Like, Favorite, Retweet: At Netroots Nation, Sharing Was Caring
Posted by Sarah
June 28, 2013
From National Gay and Lesbian Task Force’s Creating Change to CatalystCon to the National Womens Studies Association’s annual convening, I’ve been to my fair share of conferences. When I attended Netroots Nation last week, I was certain that that it would feel old hate. After all, conferences like this tend to follow a predictable template:
1. Tote bags are a given.
2. Where there are tote bags, there will be free swag.
3. You will be given a detailed itinerary at the beginning of the conference. It’ll contain workshops, panels, and mixers on every possible subject imaginable.
4. While perusing said itinerary, you will have an existential crisis as you determine which simultaneously occurring panels you’ll attend.
Sometimes, you’ll be able to decide.
Others times, you’ll dart between conference rooms mid-session, attempting to absorb as much information as you can.
There will even be rare occasions where, rather than choosing between a rad panel on youth and an equally-as-rad panel on women, you’ll think, “f*ck it” and dip out to find that hot dive bar which all the locals frequent.
Despite your best intentions, you will have done all three by the time the conference is over.
5. Aggressive networking is a given. By the time you leave a conference, you will have memorized a 30-second spiel about yourself and the work that you do, have approximately 50 new business cards crammed into your wallet (and just as many papercuts from handing out your own).
Despite being a seasoned conference-goer, nothing could really prepare me for this year’s Netroots Nation. The minute I entered the venue, I immediately got the sense that I was experiencing something huge: I was witnessing the ushering in of a new era of how we attend and interact at conferences.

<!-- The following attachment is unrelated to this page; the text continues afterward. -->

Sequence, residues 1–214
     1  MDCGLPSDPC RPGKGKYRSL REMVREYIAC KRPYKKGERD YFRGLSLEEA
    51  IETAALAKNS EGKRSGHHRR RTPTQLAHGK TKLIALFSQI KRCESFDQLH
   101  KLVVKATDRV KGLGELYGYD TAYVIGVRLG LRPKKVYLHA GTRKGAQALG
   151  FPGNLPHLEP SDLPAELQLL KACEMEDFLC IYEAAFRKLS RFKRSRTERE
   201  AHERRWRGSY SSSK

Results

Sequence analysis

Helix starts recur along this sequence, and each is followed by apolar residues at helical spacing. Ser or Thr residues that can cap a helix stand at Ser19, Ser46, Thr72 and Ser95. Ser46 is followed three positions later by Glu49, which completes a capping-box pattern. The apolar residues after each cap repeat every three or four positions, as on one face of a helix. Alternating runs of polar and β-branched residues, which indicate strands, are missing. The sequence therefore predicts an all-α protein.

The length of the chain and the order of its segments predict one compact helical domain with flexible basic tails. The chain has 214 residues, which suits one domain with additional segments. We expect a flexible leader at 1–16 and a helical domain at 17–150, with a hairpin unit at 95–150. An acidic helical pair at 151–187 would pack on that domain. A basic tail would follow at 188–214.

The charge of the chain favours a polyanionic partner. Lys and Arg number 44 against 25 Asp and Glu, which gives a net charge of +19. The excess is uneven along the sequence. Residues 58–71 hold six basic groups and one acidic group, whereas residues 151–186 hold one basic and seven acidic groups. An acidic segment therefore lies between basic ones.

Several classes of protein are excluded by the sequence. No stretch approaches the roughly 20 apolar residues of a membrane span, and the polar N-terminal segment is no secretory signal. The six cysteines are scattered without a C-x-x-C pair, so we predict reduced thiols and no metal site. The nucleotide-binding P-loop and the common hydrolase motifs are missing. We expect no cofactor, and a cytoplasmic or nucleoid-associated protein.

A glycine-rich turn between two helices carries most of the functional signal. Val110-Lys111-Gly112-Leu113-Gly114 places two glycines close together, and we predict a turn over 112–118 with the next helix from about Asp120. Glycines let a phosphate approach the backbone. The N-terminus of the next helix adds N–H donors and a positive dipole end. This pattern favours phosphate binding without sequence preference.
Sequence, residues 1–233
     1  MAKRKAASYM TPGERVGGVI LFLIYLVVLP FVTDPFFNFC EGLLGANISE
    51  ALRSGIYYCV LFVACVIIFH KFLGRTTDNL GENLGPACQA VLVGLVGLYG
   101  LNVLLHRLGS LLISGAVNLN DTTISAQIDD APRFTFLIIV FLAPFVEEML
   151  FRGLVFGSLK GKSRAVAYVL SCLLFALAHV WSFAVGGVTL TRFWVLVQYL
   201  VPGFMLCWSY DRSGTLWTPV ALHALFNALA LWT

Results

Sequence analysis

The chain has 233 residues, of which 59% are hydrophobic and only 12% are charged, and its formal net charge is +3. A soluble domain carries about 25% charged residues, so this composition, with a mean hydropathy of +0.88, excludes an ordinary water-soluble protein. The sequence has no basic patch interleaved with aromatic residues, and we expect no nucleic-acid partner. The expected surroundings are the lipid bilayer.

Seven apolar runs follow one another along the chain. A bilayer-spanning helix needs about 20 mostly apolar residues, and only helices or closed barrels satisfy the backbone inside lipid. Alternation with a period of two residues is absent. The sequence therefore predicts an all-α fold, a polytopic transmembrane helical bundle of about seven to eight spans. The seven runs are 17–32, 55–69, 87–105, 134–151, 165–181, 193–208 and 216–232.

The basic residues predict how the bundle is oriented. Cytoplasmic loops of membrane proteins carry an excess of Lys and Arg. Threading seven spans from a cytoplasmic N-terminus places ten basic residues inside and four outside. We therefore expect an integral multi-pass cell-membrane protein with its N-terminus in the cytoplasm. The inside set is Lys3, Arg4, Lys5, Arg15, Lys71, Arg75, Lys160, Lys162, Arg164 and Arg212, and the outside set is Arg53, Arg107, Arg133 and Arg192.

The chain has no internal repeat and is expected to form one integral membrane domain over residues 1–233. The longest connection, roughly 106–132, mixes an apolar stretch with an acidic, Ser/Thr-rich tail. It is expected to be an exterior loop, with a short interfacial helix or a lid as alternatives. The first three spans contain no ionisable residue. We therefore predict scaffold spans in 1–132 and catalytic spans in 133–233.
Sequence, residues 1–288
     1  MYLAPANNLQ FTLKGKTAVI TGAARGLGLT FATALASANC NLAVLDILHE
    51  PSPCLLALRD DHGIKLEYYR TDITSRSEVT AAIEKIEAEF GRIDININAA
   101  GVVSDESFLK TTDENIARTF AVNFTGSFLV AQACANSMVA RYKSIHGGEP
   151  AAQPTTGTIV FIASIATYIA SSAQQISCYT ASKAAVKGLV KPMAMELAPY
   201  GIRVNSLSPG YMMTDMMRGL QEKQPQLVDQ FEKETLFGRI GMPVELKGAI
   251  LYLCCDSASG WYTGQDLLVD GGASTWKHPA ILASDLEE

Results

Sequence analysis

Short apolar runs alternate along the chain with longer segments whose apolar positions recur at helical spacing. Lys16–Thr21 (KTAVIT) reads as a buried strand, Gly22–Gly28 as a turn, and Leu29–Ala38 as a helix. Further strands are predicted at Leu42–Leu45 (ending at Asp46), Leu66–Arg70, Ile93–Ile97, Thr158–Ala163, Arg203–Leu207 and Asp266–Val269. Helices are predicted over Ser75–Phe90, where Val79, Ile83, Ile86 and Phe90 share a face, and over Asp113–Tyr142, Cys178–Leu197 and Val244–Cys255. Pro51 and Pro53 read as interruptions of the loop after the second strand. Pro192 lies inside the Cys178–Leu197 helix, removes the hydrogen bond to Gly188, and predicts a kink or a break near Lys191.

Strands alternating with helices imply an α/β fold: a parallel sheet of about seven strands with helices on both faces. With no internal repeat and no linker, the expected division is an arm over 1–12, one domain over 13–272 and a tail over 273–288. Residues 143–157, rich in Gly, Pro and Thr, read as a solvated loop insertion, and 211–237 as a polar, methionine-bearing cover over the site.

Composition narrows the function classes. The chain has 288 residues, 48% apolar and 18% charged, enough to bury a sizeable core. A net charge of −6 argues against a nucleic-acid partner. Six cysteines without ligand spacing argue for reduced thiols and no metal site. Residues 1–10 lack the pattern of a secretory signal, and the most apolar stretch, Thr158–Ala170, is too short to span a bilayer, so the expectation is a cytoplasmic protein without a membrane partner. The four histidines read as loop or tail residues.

As someone who regularly Tweets, Tumbls, and Instagrams herself into an Internet coma, it seems a bit funny to say that those the realms of conferences and technology had never fully overlapped for me. Despite it being 2013, I’m all too accustomed to having to take session notes with pen and paper, pay for wireless, hunt down a complimentary computer lab, or dangle out of a fifth-story window to get phone reception if I want to share something to the Internet during a conference.
So color me surprised when I discovered that Netroots Nation had a free WiFi network set up for attendees. The conference also had its own session livestreams, as well as Twitter hashtag (#NN13) and sub-hashtags for specific activities. Instead of feeling ashamed for being on a phone, tablet, or laptop, I was actually being encouraged to virtually share the things I’d learned with the rest of the world. This felt important for several reasons. One, I got to pretend that I was Barbara Walters, breaking Netroots Nation news by way of my Twitter and Facebook feeds. Two, I felt as though I was promoting information accessibility.
Conferences are still pretty off-limits to the general public; not everyone has the means to travel cross-country and attend 4 day-long convenings. At the end of the day, these progressive events mean nothing if we do not or cannot share what we’ve learned with others. Because Netroots Nation WiFi and social networking-friendly environment, we were able to not only educate others as we were being educated. We were also able to capture and share the high of being in such a progressive space; one which would’ve faded substantially had we waited until we returned home to relay information to our peers by word-of-mouth or longform blog entry.
One of my favorite examples of the intersection of conferencing and technology occurred during the Liberate Your Ass: Why Sexual Freedom is Key to Fighting the Right panel, which featured some really great speakers including WAM!’s Jaclyn Friedman, Choice USA’s Kierra Johnson, artist Favianna Rodriguez, and Asking For What You Want’s Marcia Baczynski. During this discussion on the intersection of sexual and political liberation, attendees made use of the #NN13sex hashtag on social networks to post their own thoughts and quotations from the panelists.
This revolution? It was televised. You can watch a recording of the livestream here: